Tonneru no MoriAnd finally, Eiko Kadono, the winner of the 2018 Hans Christian Andersen Award, has written a poignant semi-autobiographical novel called Tonneru no Mori 1945 (“The Tunnel of Trees 1945,” not yet translated.) It is told in the voice of Iko, a 10-year-old girl evacuated to rural Japan to avoid the Tokyo bombings.

Every day, Iko must navigate a dark and spooky “tunnel” of trees on her way to school.  Her father encourages her to pray to an ancient gravestone that watches over her path and to conquer her fears by becoming “friends” with the forest. To make friends, Iko announces herself to the trees as she runs through the tunnel as quickly as she can.

Little by little, the war robs Iko of all that she holds most dear. But when Iko’s stepmother brings out the last and most precious of her kimonos to exchange for food, Iko begs to try it on before it is sold.  She is able to find joy in a brief moment of make-believe.

What shines through all these stories is the remarkable resilience of children to find joy and love and connection in a world at war, even while it conspires against them.

Come back tomorrow for more on Hans Christian Andersen Award winner Eiko Kadono, by translator Lynne E. Riggs

SakoSako Ikegami can lay claim to various titles (clinical pharmacist, medical translator/writer, children’s book reader), but best enjoys working with young adult books. She aspires to bridge her two cultures, American and Japanese, by translating children’s literature in both. She has translated the Michael L. Printz Award winner First Part Last by Angela Johnson into Japanese, and translated the story “Hachiro” by Ryusuke Saito for Tomo: Friendship Through Fiction—An Anthology of Japan Teen Stories.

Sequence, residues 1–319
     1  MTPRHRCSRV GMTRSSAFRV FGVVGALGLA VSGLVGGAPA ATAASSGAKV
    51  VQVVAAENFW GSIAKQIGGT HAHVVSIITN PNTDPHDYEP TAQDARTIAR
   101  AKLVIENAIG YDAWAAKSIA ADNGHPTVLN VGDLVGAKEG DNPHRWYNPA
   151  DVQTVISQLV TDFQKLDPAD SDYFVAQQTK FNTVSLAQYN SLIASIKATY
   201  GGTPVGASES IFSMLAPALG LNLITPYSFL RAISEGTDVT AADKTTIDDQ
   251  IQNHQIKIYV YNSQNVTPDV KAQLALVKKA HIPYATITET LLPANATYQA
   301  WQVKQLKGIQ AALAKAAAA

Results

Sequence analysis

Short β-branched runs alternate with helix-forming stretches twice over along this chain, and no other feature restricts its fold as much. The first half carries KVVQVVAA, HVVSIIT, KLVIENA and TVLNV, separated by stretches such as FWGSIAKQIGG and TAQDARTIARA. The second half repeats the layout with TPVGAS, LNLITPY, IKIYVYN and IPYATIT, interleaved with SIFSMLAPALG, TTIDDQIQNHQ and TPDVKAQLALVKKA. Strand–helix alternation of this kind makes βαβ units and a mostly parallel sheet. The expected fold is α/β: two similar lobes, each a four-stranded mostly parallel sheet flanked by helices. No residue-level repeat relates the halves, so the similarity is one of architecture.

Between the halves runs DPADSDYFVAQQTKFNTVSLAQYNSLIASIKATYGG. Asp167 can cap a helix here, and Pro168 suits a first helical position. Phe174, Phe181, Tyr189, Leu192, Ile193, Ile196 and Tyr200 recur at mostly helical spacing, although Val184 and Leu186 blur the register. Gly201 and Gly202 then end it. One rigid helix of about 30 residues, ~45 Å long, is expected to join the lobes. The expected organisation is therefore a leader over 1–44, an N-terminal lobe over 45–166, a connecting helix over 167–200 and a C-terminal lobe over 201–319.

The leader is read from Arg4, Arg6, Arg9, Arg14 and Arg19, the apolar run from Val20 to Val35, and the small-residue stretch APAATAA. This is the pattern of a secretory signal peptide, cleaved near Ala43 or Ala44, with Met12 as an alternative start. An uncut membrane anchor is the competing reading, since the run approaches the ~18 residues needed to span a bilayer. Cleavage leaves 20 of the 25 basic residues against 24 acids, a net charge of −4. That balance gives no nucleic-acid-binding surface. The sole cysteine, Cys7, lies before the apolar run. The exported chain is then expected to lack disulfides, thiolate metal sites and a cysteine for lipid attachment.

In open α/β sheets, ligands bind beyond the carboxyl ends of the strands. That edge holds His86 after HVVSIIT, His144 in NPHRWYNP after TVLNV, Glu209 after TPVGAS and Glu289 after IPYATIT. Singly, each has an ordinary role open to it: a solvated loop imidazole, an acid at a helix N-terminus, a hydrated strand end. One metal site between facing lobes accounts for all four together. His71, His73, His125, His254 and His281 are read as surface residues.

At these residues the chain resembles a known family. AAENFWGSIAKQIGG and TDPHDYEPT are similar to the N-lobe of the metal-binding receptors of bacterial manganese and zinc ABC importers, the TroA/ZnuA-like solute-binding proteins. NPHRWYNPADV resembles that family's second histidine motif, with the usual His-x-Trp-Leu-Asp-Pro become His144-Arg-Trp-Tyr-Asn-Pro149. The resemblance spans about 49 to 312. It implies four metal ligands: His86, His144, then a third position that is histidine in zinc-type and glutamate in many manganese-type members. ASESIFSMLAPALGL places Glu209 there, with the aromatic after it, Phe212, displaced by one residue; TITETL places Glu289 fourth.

10339360_10203703467893736_1000817698243960595_oDavid Jacobson
 organized this series on Japanese literature in translation. He is the author of Are You an Echo? The Lost Poetry of Misuzu Kaneko, a 2017 NCTE notable poetry book. A longtime journalist, David has written news articles and TV scripts that have appeared in the Associated Press, The Washington Post, The Seattle Times and on CNN and Japan’s NHK. Since 2008, he has worked with Seattle book publisher Chin Music Press. An experienced Japanese translator, he is on the board of the Global Literature in Libraries Initiative.

And in case you missed it…

May 1:  Roger Pulvers on Ishikawa Takuboku (Japan-in-Translation, No. 1)
May 2:  Kathryn Hemmann on outsider stories in contemporary literature (Japan-in-Translation, No. 2)
May 3:  Deborah Iwabuchi on memorable translations (Japan-in-Translation, No. 3)
May 4:  Eve Kushner on kanji’s punning potential, part 1 (Japan-in-Translation, No. 4)
May 5:  Eve Kushner on kanji’s punning potential, part 2 (Japan-in-Translation, No. 5)
May 7:  Translator roundtable on Shiba Ryōtarō’s Ryōma!, part 1 (Japan-in-Translation, No. 6)
May 8: Translator roundtable on Shiba Ryōtarō’s Ryōma!, part 2 (Japan-in-Translation, No. 7)
May 9: Librarian Ash Brown on manga in translation (Japan-in-Translation, No. 8)
May 10: Excerpt from Mori Eto’s Dive!! (Japan-in-Translation, No. 9)
May 11: Tony Malone on translations of Natsume Sōseki (Japan-in-Translation, No. 10)
May 12: Poet Michael Dylan Welch on translating haiku (Japan-in-Translation, No. 11)
May 14: Smithsonian BookDragon’s Favorites, part 1 (Japan-in-Translation, No. 12)
May 15: Smithsonian BookDragon’s Favorites, part 2 (Japan-in-Translation, No. 13)
May 16: Sally Ito on Misuzu Kaneko’s Compassionate Imagination (Japan-in-Translation, No. 14)
May 17: Frederik Schodt on The Four Immigrants Manga (Japan-in-Translation, No. 15)
May 18: Stone Bridge Press Publisher Peter Goodman (Japan-in-Translation, No. 16)
May 19: Melek Ortabasi on Japanese Literature as World Literature (Japan-in-Translation, No. 17)
May 20: Selected Japanese Picture Books by Andrew Wong (Japan-in-Translation, No. 18)
May 21: Murakami translator Jay Rubin (Japan-in-Translation, No. 19)
May 22: Zack Davisson on translating sound effects in comics (Japan-in-Translation, No. 20)
May 23: Translator showdown: where manga meets the novel (Japan-in-Translation, No. 21)
May 24: Kirkus YA Editor Laura Simeon on cultural messages in Japanese picture books (Japan-in-Translation, No. 22)
May 25: Q&A with Translator Cathy Hirano on Nahoko Uehashi’s The Beast Player (Japan-in-Translation, No. 23)
May 26: Strong Women, Soft Power by Ginny Tapley Takemori (Japan-in-Translation, No. 24)